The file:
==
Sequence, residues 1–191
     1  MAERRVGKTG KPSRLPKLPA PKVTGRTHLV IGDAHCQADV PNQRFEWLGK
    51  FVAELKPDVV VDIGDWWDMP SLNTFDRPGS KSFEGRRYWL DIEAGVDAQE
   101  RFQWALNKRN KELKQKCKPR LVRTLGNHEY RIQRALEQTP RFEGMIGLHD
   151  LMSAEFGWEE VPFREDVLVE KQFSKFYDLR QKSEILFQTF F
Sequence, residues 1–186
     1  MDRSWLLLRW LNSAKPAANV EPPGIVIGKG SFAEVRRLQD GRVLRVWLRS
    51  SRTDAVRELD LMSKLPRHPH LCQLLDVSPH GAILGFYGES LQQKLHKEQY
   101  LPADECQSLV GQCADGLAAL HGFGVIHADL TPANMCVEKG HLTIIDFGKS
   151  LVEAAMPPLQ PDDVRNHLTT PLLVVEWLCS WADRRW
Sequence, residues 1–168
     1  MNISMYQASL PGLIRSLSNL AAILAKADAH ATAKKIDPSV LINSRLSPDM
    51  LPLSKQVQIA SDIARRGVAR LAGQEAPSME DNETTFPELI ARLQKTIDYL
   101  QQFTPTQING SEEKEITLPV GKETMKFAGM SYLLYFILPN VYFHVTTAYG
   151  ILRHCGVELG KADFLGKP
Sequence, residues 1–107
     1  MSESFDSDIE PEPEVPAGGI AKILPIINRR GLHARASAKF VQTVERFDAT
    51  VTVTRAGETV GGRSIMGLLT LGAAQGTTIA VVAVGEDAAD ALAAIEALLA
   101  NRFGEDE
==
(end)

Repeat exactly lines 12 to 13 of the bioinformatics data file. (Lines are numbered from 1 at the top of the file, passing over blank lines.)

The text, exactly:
     1  MNISMYQASL PGLIRSLSNL AAILAKADAH ATAKKIDPSV LINSRLSPDM
    51  LPLSKQVQIA SDIARRGVAR LAGQEAPSME DNETTFPELI ARLQKTIDYL